TrackTalk is a new feature from the Adafruit music team. In this companion to the MusicMakers Q&A series, we invite artists to take us behind the scenes of a particular track to talk creative process, recording set up, and more. This week we feature the new single from Derbyshire’s Haiku Salut.
Photo courtesy of Elly Lucas
We’re so pleased to welcome Haiku Salut back to the Adafruit blog after their fabulous MusicMakers Q&A back in February. It’s great timing too as just last week we were able to feature Kayla Painter in our MusicMakers series, who we reached out to on Haiku Salut’s recommendation! Gotta love the community.
The trio are returning soon with a new album, There Is No Elsewhere, released September 7th on PRAH Recordings. So far the two lead singles have seen the band at their eclectic best, glimmering layers of folky homeiness clashing with glacial bursts of electronics and post-rock dynamics. Their music is as full of melody and surprises as ever.
The latter of these two singles, “The More And Moreness,” is perhaps the most curious of the two. Bubbling synth rhythms and looping vocal melodies blaze beneath a burst of jolting accordion. These juxtaposing elements create a gorgeously beguiling musical swell that breaks like a fever with a brass section to die for. Haiku Salut remain delightfully and powerfully unusual. There’s a lot of good reasons to be excited about the upcoming new record.
We’re still anxiously awaiting updates on ADA, the forthcoming play from Emily Hollyoake about Ada Lovelace for which Haiku Salut will be providing the soundtrack. But in the meantime, we’re very grateful to Sophie Barkerwood for finding the time to talk us through the curious origins of the latest single:
Sophie Barkerwood of Haiku Salut on “The More And Moreness”:
“The More and Moreness started life as the soundtrack for an ice-cream van on the North-West coast. We were asked to write something illuminating for a travelling art exhibit and the bones of this song are it. It used to have a whole different twinkly introduction. A dead music box, in a dreary seaside town, coming back to life. The end section with the accordion loops and the brass band were written very quickly, I barely remember how that came together. One day it wasn’t there and then it was, in all it’s moreness. The beginning of the track as you hear it now was written on Christmas Day in 2015 after acquiring some new speakers. It was hanging around for ages, we didn’t know what to do with it and didn’t recognise that the two pieces belonged together for a long time. Sometimes you just have to wait it out. It was a wonderful feeling when it all clicked into place.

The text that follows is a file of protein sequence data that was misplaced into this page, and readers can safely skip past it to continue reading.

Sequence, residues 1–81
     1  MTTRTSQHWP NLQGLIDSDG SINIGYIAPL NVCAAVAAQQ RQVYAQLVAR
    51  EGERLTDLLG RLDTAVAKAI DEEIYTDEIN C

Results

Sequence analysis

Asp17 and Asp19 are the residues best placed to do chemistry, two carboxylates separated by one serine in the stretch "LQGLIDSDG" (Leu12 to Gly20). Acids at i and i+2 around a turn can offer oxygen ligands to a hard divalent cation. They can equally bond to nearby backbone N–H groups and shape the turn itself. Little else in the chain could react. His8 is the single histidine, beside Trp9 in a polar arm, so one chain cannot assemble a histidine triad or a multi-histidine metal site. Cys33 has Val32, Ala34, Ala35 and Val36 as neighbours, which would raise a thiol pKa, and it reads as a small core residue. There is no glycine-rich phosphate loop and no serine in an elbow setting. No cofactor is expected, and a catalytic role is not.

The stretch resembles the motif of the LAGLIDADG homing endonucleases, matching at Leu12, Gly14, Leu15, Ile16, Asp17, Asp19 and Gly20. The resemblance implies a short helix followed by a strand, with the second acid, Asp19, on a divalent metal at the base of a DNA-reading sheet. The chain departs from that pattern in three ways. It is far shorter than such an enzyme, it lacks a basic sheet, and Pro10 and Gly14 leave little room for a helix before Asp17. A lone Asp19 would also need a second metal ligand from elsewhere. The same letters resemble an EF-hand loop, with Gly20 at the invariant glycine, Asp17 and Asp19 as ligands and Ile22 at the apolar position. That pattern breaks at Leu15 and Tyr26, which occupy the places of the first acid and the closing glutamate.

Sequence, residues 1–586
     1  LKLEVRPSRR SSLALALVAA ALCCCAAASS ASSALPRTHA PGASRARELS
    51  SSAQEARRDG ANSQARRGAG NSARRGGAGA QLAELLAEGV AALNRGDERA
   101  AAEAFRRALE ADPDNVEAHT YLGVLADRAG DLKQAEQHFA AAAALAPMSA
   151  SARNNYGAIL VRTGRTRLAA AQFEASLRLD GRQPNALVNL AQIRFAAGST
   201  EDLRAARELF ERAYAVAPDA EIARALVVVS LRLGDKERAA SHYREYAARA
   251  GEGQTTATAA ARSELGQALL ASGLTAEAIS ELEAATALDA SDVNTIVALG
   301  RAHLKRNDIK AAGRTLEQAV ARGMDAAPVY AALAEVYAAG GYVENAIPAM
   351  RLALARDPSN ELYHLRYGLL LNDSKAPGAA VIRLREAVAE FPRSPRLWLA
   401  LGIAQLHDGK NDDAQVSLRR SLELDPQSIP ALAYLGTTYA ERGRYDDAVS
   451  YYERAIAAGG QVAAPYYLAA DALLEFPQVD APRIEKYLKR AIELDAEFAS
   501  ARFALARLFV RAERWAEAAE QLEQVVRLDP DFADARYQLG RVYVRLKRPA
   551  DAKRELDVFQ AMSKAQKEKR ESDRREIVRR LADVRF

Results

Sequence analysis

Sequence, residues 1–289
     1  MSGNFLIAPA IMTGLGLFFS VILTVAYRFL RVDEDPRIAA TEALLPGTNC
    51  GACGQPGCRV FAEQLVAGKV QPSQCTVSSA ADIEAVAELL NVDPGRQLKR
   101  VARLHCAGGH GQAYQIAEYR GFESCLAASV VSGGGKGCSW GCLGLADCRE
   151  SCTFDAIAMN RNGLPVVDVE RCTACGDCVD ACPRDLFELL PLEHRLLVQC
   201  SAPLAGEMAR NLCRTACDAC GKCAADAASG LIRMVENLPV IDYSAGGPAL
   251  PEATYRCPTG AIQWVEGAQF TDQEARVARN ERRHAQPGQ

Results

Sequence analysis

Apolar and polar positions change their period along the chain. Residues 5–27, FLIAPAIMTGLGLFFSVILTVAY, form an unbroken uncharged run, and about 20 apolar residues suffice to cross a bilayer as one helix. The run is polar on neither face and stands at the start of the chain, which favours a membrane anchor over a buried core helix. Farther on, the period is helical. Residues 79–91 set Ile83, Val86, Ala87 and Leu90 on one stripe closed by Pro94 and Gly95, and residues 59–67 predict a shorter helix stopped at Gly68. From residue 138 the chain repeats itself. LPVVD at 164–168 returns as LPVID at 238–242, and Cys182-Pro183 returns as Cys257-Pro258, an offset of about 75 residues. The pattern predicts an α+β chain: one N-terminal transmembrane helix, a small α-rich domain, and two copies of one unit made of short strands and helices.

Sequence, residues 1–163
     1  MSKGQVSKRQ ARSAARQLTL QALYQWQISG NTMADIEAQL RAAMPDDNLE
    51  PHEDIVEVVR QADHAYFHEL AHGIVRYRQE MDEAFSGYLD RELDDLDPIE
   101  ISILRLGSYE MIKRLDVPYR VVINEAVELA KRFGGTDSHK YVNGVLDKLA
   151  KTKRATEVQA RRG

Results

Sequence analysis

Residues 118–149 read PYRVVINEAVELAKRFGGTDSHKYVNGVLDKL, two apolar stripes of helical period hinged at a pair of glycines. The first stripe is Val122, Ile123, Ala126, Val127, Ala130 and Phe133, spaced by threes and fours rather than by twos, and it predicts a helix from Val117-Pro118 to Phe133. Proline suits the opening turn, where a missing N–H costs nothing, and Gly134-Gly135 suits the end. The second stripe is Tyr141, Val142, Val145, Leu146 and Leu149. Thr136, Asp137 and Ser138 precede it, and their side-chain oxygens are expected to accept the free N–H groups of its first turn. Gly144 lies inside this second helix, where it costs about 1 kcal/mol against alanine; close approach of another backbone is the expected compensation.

The track was partially recorded at our home studio and then brought to life in Snug Recording Co in Derby. We’ve worked with Snug for a while now and they understand our quirks and foibles. Crisps and milkshakes are band from the studio. In January 2017 we travelled to a community hall in Somerset to record the brass sections with Glastonbury Brass. It was cold in there but the brass warmed our insides, it was very emotional. Brass band in winter, a feeling I can’t quite place, belonging or pride? We went for a drink with a few of them afterwards and they told us about their community. We wanted to continue the sense of belonging and solidarity in the video and decided to work with with our longtime friend and collaborator James Machin from Grawl!x. The video is an inky dark noir, we play a group of revolutionaries working together to bring an explosive change to the World. Much like the brass band, the revolution is bigger than the sum of its parts.”
If you’d like to hear a little more from Haiku Salut, dig in below:
For more Adafruit music editorial, check out our MusicMakers series for Q&As with artists like Frankie Cosmos, Jeffrey Lewis, Haiku Salut and more, previous TrackTalk features (feat. Trust Fund and Shay Spence), as well as the new TasteMakers series featuring Q&As with blogs and podcasters such as The Grey Estates and Stories About Music.